The Merriam-Webster Dictionary defines “capricious” as “impulsive” or “unpredictable.”

As you can see from the definition, capricious people are difficult to understand or predict. You cannot know what they’re thinking or what they believe in.

Even when you think you’ve figured out a capricious person, they’ll be likely to change their minds again.

Here are some great examples to help you with it:

You’re a capricious fool! It’s stupid to let your opinions be changed so easily when you don’t know the full situation.

Stop being so capricious and start thinking for yourself! Trust me; you’ll see a lot more clearly after that!

3. Indecisive

For a slightly easier alternative, you can use “indecisive.” It works when someone keeps changing their mind and can’t figure out what to do.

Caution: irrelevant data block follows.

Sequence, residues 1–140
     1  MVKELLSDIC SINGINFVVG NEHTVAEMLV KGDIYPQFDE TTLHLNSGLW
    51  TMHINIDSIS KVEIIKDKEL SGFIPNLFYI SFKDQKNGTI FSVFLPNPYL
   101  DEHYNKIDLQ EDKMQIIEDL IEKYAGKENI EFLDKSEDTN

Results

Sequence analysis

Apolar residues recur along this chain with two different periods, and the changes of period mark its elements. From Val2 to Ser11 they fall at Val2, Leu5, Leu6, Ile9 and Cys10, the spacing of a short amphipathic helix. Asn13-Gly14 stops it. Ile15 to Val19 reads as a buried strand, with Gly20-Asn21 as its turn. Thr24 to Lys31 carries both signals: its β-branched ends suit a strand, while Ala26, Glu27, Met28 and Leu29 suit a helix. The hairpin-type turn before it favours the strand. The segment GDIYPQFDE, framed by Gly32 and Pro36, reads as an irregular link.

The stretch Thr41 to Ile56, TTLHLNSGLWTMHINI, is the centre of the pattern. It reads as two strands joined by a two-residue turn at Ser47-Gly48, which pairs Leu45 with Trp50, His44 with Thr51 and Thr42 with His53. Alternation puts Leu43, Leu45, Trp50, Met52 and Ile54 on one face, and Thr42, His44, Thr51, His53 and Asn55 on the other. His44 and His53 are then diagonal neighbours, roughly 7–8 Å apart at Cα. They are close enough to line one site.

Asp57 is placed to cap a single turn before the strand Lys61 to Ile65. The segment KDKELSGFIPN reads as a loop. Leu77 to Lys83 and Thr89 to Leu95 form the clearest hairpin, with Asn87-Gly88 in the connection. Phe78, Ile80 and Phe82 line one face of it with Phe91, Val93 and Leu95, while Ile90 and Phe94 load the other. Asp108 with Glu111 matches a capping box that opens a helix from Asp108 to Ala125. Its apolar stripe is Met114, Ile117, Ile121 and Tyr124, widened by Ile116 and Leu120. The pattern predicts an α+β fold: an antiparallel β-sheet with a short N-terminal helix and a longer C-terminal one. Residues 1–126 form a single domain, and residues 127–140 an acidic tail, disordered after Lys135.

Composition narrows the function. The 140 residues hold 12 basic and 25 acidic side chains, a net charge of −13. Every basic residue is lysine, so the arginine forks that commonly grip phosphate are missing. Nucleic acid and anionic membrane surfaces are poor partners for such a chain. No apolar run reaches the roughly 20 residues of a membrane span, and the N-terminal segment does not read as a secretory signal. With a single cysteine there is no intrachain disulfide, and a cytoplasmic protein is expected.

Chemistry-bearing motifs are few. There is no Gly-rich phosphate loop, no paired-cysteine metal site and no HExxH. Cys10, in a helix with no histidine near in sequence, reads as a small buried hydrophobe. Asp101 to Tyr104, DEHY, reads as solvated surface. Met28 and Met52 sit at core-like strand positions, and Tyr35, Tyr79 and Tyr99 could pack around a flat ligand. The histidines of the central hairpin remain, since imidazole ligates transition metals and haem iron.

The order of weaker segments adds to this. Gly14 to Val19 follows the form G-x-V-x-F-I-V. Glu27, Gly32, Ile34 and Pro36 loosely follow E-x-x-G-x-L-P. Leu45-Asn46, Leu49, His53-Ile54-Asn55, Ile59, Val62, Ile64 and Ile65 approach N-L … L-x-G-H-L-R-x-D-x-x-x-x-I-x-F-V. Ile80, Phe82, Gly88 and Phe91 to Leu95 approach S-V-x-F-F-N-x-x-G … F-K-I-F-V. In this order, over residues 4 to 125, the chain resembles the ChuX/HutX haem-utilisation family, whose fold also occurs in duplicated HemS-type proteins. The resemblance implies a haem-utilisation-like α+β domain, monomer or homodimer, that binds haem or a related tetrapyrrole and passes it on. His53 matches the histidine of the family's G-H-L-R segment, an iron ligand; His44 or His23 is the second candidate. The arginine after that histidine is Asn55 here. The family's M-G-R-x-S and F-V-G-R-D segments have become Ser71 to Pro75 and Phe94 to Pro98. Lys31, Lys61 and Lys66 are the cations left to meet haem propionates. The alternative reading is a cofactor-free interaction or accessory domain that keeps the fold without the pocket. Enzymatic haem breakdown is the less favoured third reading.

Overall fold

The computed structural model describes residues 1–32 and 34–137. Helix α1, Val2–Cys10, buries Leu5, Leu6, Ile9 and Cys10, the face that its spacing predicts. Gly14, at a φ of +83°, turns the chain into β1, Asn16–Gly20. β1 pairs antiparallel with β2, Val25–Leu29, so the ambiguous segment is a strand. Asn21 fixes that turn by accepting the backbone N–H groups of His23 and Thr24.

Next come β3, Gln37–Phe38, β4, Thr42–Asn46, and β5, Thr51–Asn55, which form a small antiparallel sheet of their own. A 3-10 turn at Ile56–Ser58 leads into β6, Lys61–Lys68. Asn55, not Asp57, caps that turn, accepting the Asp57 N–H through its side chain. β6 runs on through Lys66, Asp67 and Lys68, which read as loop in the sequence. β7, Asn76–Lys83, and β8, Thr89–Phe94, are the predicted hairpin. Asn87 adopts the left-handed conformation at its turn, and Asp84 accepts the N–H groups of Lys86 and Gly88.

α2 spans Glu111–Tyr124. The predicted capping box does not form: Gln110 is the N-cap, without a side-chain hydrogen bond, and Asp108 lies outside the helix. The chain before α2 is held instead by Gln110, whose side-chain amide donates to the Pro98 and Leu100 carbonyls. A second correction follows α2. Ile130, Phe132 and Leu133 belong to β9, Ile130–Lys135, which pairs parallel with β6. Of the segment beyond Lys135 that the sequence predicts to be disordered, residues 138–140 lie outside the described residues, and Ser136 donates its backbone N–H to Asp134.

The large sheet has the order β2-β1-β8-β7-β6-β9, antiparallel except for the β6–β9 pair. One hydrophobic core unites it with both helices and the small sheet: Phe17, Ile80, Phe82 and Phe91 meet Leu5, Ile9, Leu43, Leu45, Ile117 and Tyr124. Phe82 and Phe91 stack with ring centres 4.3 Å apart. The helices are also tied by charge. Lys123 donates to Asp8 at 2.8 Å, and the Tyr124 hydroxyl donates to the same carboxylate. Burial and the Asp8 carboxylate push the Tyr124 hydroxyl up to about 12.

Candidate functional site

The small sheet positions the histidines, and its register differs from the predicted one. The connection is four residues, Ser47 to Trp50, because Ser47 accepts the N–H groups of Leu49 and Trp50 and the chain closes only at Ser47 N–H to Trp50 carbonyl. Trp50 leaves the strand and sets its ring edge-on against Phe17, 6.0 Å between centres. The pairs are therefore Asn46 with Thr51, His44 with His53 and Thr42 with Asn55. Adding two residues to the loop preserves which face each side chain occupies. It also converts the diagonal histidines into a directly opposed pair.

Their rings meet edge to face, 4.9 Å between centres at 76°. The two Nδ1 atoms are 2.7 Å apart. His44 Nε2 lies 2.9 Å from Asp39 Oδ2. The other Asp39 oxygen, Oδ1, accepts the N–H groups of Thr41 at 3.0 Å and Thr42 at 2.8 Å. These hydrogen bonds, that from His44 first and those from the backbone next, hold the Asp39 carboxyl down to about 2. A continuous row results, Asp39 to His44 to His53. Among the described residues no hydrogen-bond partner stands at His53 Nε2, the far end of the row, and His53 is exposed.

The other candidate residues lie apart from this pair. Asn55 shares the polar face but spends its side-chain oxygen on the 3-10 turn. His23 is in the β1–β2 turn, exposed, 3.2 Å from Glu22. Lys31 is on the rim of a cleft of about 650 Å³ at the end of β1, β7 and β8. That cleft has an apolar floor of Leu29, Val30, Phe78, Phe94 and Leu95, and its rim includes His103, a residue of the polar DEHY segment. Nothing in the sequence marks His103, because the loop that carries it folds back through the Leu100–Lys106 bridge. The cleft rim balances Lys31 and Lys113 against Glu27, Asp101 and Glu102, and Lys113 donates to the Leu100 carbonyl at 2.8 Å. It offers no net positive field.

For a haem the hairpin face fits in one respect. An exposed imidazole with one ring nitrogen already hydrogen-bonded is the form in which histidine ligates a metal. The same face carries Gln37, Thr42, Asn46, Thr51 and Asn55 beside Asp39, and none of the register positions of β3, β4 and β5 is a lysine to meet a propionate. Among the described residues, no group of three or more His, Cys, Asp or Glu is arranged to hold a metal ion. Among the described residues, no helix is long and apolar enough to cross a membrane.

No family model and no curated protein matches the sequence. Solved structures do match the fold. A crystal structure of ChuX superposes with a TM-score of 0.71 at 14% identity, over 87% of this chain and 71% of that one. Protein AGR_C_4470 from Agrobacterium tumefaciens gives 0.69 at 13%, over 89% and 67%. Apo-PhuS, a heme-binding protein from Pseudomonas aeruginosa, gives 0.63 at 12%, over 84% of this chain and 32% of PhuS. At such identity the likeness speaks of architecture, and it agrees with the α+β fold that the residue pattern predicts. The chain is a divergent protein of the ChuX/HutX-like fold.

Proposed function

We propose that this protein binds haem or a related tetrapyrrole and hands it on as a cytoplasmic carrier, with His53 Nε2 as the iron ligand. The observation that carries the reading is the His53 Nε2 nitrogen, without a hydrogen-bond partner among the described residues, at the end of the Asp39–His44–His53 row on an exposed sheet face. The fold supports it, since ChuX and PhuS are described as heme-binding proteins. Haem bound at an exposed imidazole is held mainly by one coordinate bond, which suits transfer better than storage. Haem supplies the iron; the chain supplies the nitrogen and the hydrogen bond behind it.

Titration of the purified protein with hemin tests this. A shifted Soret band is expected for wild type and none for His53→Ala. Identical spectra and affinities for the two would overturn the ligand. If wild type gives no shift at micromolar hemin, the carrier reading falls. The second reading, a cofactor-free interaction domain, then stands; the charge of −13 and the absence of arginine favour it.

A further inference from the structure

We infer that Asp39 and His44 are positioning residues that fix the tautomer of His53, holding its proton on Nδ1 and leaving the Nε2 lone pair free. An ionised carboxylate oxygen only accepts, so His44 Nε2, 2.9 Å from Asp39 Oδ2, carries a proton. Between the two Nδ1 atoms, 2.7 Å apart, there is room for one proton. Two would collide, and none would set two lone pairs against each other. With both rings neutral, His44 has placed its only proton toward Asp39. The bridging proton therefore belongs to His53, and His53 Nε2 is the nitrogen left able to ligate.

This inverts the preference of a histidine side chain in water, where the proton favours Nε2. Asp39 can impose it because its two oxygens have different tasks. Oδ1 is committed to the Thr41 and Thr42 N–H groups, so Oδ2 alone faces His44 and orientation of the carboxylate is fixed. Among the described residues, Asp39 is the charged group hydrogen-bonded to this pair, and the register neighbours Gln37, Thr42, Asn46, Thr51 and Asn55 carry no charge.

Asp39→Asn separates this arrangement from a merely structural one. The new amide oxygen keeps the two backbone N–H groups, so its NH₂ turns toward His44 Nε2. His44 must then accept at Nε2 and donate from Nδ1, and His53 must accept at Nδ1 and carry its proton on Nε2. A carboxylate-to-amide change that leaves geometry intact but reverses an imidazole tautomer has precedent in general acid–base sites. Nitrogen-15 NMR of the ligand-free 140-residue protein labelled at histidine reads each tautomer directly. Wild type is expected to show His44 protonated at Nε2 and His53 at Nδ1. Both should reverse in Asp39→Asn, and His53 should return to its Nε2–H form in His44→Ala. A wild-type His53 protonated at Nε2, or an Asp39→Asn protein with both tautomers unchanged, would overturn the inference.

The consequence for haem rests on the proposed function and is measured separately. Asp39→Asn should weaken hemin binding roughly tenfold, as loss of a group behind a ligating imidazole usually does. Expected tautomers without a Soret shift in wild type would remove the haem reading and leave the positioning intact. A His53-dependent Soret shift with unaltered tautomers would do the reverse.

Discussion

The definition of “indecisive,” according to The Merriam-Webster Dictionary, is “marked by or prone to indecision.”

Typically, this is a good way to describe someone who never makes a decision. They often rely on others to decide things for them.

Unfortunately, letting other people decide things for you often results in problems. It means you never have an independent thought, which could complicate things in the future.

Perhaps these examples will also help you:

I’m afraid I’m quite indecisive. One minute, I’ll believe one thing, but it won’t be long before I believe something entirely different.

You’re quite indecisive, aren’t you? Do you not think it’s smarter to keep your opinions as your own?

4. Vacillating